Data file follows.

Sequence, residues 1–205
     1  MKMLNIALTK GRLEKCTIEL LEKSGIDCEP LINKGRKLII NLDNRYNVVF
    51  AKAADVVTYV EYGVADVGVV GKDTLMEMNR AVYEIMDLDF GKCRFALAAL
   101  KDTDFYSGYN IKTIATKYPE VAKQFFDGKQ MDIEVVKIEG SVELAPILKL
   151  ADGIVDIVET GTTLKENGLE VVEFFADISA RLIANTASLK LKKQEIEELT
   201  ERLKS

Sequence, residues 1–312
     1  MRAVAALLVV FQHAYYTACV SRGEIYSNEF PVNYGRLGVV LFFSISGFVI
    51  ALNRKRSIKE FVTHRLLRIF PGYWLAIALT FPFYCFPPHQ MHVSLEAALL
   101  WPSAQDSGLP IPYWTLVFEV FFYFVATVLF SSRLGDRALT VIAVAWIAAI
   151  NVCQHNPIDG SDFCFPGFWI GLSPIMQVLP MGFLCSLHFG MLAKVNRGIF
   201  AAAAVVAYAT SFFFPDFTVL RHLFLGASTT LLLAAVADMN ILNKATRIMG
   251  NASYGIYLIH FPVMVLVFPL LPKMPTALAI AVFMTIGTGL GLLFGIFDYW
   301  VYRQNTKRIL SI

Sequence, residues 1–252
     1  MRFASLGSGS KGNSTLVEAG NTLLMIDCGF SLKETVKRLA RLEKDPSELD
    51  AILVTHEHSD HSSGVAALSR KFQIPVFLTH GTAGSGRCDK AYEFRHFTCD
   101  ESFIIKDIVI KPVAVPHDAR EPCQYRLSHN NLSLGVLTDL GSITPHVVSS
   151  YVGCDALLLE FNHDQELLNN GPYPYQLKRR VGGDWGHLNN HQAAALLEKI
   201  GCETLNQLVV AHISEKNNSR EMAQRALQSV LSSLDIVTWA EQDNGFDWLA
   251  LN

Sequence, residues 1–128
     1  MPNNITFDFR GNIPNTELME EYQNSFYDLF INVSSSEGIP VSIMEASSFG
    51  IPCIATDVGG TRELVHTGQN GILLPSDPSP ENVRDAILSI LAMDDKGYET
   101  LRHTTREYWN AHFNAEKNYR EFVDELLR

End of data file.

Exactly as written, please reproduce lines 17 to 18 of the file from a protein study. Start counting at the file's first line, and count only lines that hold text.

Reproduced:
    51  AILVTHEHSD HSSGVAALSR KFQIPVFLTH GTAGSGRCDK AYEFRHFTCD
   101  ESFIIKDIVI KPVAVPHDAR EPCQYRLSHN NLSLGVLTDL GSITPHVVSS